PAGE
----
Saudi Arabia and the United Arab Emirates (UAE) have admitted that the bombing of a school bus in Yemen last month – which killed 51 people, including 40 children – was “unjustified”.
A probe by the coalition fighting Yemen’s Houthi rebels concluded on Saturday that “mistakes” had been made in the August 9 air raid in Saada province.
Mansour Ahmed al-Mansour, a legal adviser to the military alliance’s Joint Incident Assessment Team, said that those behind it should be held accountable.
On the day of the bus attack, coalition spokesperson Colonel Turki al-Malki had defended the air raid, saying his forces hit a “legitimate military target”, which included “operators and planners”.
Al Jazeera’s Alan Fisher, reporting from neighbouring Djibouti, said the coalition’s admission marked a “remarkable about-turn”.
“The Saudis and the UAE had earlier said it was a justified and legitimate military operation. They have now talked to the people in the area and they have concluded that it was an unjustified attack, which is a remarkable about-turn from the position that they took just weeks ago,” he said.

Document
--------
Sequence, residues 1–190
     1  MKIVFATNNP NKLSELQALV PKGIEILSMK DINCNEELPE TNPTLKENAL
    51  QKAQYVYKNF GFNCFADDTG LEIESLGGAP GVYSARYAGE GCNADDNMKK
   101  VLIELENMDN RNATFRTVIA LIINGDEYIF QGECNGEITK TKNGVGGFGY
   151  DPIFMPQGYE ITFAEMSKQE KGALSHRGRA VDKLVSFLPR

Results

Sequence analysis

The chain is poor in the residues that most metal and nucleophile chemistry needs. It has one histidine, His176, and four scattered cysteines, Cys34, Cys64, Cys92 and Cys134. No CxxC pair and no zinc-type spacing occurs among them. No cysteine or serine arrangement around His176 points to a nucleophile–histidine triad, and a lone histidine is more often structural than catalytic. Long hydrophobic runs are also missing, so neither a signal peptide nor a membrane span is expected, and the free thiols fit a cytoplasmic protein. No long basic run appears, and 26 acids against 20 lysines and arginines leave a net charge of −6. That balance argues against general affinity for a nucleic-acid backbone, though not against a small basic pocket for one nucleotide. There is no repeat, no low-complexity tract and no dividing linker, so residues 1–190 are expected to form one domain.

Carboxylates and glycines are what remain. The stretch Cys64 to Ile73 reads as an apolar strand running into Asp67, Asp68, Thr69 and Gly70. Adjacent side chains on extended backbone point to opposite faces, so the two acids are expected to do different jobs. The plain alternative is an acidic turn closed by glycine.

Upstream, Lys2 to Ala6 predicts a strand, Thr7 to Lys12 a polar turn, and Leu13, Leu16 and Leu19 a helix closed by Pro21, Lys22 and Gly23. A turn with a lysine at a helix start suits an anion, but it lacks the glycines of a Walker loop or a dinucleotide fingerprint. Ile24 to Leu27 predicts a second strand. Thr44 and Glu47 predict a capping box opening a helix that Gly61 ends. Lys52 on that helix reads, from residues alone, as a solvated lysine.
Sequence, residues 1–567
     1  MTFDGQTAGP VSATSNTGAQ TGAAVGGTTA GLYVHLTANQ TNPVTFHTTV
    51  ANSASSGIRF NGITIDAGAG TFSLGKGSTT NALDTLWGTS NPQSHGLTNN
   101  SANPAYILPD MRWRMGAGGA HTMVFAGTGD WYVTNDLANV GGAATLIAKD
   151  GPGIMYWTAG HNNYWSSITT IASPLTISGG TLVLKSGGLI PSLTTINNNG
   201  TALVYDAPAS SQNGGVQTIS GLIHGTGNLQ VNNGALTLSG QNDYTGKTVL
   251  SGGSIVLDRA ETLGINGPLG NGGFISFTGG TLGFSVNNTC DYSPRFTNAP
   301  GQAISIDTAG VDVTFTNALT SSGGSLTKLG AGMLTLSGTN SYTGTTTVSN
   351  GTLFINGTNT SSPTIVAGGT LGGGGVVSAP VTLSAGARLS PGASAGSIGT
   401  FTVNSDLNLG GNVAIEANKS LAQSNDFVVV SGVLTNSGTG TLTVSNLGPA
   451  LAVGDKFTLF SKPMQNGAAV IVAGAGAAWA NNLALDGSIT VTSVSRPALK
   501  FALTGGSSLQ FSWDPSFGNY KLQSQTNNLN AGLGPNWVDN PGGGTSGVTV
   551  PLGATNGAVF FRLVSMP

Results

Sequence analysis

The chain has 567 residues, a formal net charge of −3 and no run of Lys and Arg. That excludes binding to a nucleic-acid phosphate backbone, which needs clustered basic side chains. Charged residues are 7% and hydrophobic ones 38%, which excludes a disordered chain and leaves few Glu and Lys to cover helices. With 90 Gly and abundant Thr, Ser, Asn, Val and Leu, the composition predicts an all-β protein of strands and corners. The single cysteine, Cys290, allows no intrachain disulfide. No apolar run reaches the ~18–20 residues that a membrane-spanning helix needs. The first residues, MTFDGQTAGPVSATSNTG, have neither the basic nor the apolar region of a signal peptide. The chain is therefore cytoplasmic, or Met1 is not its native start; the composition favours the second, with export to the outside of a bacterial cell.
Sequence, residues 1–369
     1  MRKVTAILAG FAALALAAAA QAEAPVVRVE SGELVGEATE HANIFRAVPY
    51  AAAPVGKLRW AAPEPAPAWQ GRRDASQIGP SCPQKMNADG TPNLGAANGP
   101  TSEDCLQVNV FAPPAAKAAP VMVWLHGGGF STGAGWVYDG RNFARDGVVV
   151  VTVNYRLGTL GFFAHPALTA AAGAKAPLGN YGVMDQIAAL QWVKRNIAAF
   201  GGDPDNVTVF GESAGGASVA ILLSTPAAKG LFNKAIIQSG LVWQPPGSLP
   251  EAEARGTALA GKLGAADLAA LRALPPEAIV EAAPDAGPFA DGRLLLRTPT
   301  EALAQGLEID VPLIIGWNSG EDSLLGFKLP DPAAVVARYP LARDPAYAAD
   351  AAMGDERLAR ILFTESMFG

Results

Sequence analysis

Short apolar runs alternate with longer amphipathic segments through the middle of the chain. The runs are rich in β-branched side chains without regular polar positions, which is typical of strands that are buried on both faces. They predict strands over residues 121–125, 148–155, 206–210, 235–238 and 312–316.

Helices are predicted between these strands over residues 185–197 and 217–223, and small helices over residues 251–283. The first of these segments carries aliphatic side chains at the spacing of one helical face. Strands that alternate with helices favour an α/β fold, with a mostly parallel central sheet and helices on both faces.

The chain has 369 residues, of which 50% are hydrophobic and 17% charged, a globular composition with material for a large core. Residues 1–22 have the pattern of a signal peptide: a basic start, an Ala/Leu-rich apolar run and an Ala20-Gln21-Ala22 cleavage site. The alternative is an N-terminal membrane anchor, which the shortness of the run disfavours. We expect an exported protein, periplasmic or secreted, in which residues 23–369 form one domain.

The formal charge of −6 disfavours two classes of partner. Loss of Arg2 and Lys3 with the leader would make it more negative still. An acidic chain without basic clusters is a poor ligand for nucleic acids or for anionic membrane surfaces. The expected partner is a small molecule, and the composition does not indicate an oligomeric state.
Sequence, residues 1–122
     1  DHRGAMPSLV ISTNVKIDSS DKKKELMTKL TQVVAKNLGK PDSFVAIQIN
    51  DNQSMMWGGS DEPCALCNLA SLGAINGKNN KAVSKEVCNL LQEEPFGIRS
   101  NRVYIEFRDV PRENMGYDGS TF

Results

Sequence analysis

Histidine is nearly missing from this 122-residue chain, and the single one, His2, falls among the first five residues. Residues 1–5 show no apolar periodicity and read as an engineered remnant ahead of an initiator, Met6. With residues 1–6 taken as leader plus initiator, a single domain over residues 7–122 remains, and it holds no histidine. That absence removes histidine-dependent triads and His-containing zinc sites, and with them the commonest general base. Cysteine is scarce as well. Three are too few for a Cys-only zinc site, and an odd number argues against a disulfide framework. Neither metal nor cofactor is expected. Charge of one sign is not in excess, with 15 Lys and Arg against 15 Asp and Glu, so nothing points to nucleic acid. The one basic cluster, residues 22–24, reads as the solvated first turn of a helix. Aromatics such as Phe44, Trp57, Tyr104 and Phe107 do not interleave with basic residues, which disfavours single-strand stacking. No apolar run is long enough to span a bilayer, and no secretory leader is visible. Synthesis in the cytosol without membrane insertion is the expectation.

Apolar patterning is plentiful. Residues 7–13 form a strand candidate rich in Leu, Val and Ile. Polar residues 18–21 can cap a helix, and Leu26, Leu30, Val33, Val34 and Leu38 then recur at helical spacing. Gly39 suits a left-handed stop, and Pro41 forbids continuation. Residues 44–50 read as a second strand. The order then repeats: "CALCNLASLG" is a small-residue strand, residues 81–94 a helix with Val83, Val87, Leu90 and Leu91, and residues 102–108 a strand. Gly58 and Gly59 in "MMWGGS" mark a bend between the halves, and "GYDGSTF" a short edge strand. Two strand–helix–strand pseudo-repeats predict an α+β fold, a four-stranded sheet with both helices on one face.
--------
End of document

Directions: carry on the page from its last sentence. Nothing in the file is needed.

The probe came after the air attack sparked widespread international condemnation and calls for an independent investigation from the United Nations Secretary-General, Antonio Guterres.
Geert Cappelaere, UNICEF’s regional director in the Middle East and North Africa, tweeted at the time: “NO EXCUSES ANYMORE!!”
“Does the world really need more innocent children’s lives to stop the cruel war on children in Yemen?” he said.
Following the attack, individual members of the Congress in the United States also called on their country’s army to clarify its role in the war and investigate whether support for the air raids could render US military personnel “liable under the war crimes act”.
The US has been the biggest supplier of military equipment to Riyadh, with more than $90bn of sales recorded between 2010 and 2015.
Saudi Arabia, along with the United Arab Emirates, has been bombing Yemen since March 2015 after the Houthis swept across the country, including the capital, Sanaa. The coalition’s stated aim is to restore the government of President Abd-Rabbu Mansour Hadi to power.
Out of the 16,000-plus raids they have launched since the start of the conflict, only a handful have been investigated, despite nearly a third of all bombs hitting civilian targets.
Last year, the UN blacklisted the Saudi-UAE alliance for causing the majority of reported child deaths and injuries in Yemen.